Thyroid cancer is, however, a rare form of cancer, and constitutes less than 1% of cancer cases in men and women in the United States. In fact, it is more common for people to suffer from some non-cancerous thyroid diseases like Graves’ disease, Hashimoto’s thyroiditis, and Goiter.
Thyroid cancer seems to exist more in people who have been exposed to high radiation doses and who have inherited the gene.
There are altogether four different forms of thyroid cancer, and they are follicular, papillary, anaplastic and medullary thyroid cancers. Whichever form of thyroid cancer it may seem, these are the main thyroid cancer signs that people should not ignore. The main reason these symptoms should not be ignored is that the cancer is treatable, as long as it is detected at the right time.
As the thyroid gland is located under the larynx or voice box, there is a chance of cancerous thyroid nodules pressing against the voice box. This can lead to some voice changes and a consequent hoarse voice. Though this is a sign of thyroid cancer, it is rarely used for detecting it.
While most thyroid nodules do not grow big enough to create a noticeable lump, some people may notice it. Some lumps can be seen in front of the neck, near Adam’s apple, some of the lumps can be felt, and other lumps may be noticed while swallowing. However, it is, in fact, common for most people to have a neck lump as it may be triggered by other, less serious conditions like goiter or an enlarged thyroid. It is usually 1 in 20 neck lumps that end up cancerous.
There is higher chance of the lump being cancerous if its firm to the touch, seems to be growing bigger with time and cannot be moved around easily under the skin. While it is when you look at the mirror, button your collar or fasten a necklace that you are most likely to notice the lump, your doctor is the best person to detect a thyroid lump and potential thyroid cancer. They can make a diagnosis jut by feeling and examining your thyroid.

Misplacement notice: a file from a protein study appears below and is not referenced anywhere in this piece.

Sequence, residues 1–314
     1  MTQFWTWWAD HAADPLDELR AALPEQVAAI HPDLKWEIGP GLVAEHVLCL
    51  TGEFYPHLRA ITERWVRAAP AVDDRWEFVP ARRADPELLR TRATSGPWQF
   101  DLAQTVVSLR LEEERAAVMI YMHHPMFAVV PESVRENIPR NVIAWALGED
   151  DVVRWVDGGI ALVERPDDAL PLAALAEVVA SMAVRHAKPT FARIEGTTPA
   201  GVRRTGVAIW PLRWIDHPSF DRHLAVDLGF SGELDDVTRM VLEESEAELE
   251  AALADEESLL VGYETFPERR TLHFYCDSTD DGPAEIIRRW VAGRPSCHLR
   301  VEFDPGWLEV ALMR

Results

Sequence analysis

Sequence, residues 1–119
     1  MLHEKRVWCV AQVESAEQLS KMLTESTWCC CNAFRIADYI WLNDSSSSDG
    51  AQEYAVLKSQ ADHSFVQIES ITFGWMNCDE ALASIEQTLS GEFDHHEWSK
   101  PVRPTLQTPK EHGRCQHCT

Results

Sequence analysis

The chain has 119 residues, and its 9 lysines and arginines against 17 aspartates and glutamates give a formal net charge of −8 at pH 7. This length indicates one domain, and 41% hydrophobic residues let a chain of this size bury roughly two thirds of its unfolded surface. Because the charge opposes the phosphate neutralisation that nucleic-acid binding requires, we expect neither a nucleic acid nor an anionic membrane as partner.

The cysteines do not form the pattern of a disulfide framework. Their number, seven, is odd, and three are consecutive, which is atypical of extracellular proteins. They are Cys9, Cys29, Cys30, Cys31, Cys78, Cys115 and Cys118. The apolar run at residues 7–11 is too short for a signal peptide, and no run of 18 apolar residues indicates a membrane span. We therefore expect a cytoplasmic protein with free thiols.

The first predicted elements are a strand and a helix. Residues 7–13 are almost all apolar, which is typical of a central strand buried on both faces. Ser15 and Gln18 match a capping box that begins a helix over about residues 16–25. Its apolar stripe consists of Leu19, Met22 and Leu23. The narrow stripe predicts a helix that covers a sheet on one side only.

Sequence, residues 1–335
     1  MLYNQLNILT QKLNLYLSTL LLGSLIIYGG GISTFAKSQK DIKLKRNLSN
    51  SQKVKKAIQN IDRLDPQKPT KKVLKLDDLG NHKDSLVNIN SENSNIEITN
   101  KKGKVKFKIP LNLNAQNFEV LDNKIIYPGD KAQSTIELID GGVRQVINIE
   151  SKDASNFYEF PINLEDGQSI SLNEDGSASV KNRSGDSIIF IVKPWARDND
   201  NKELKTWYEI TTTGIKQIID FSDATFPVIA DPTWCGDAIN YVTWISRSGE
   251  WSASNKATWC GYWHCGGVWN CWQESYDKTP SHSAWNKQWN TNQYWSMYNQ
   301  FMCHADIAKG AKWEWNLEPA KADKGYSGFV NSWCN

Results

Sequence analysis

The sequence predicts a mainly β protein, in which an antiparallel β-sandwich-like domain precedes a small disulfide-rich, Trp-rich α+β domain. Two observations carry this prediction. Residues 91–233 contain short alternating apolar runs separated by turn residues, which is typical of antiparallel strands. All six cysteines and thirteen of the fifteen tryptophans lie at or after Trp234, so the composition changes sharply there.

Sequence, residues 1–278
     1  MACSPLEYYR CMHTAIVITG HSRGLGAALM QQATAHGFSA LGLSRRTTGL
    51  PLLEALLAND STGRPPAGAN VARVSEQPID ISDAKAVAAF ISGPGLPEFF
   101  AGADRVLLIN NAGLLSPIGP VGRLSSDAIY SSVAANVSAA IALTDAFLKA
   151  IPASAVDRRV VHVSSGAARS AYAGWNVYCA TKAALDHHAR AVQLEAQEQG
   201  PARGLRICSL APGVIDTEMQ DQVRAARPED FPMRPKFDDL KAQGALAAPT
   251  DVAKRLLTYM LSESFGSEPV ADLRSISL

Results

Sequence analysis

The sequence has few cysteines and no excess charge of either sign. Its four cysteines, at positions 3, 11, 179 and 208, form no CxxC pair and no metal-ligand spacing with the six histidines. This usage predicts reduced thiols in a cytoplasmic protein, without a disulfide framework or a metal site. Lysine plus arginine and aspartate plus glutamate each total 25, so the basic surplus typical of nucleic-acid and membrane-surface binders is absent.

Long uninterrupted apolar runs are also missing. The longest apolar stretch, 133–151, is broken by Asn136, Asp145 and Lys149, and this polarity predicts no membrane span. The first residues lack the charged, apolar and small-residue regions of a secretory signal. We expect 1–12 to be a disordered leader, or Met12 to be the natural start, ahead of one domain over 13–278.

Finding it difficult to breathe or swallow
As the thyroid is located upon the trachea or your windpipe, thyroid cancer can place some pressure on the trachea. This can make breathing difficult where you may also experience constant wheezing. Besides, as your esophagus is under the trachea, there is also a chance of a developing thyroid cancer causing trouble while swallowing. This is another rare means of detecting cancer.
Swollen lymph node
Swollen lymph nodes are a symptom of thyroid cancer that’s unrelated to thyroid nodules. There is a chance of thyroid cancer spreading to your lymph nodes, which are found throughout your body and works at fighting infections.
It is normal for the lymph nodes in your neck to swell when you have a cold or a sore throat, which in turn returns to the normal size once the infection is gone. It is when your lymph nodes remain swollen for a longer time, that too when you are healthy and not having a cold, then it’s better consulting your doctor.
If you have neck pain, it’s usually because something’s wrong with your body anatomy. So if your pain lasts for more than a few weeks, it’s better visiting you doctor to find out its cause. While it is a rare sign of thyroid cancer, if it exists with some of the above-mentioned symptoms, then your doctor should be informed about it.
Similarly, if you have a nagging pain in your throat which just does not seem to stop, then it is a possible thyroid cancer sign and has to be shown to your doctor.
Diarrheal or flushing in the face
There are rare cases where thyroid cancer can stimulate the production of thyroid hormones. If this happens, there is a chance of suffering from diarrhea or flushing.
While a bowel infection caused by a virus, bacteria or parasites may also trigger diarrhea, and strong emotions like stress or embarrassment can make your face go red or flush, it’s better to consult your GP only if you have persistent diarrhea or flushing.
So you can see that the symptoms mentioned above are mainly associated with all types of thyroid nodules, both cancerous and benign nodules. As thyroid cancer develops from these nodules, you need to know all about these signs that lead to possible thyroid cancer. However, you should also know that 95% of all thyroid nodules are benign and that it’s normal for most adults to have one or a few thyroid nodules.
Unfortunately, it’s not easy detecting thyroid cancer symptoms as most of the time, the symptoms that are noticed or detected are not triggered by cancer. This is why thyroid cancer is usually diagnosed during a routine examination or is unintentionally detected while taking x-rays or undergoing a scan for some other reason.
However just to be on the safe side, it’s always better to consult your doctor if you notice these lingering signs and symptoms. There are some cases of people who have thyroid cancer, without any symptoms. In such circumstances, it’s usually the doctor who notices the lump while performing a routine examination of the neck.
Very well done! Informative and well put together. Thank you for sharing! Cancer runs in our family and this has me thinking…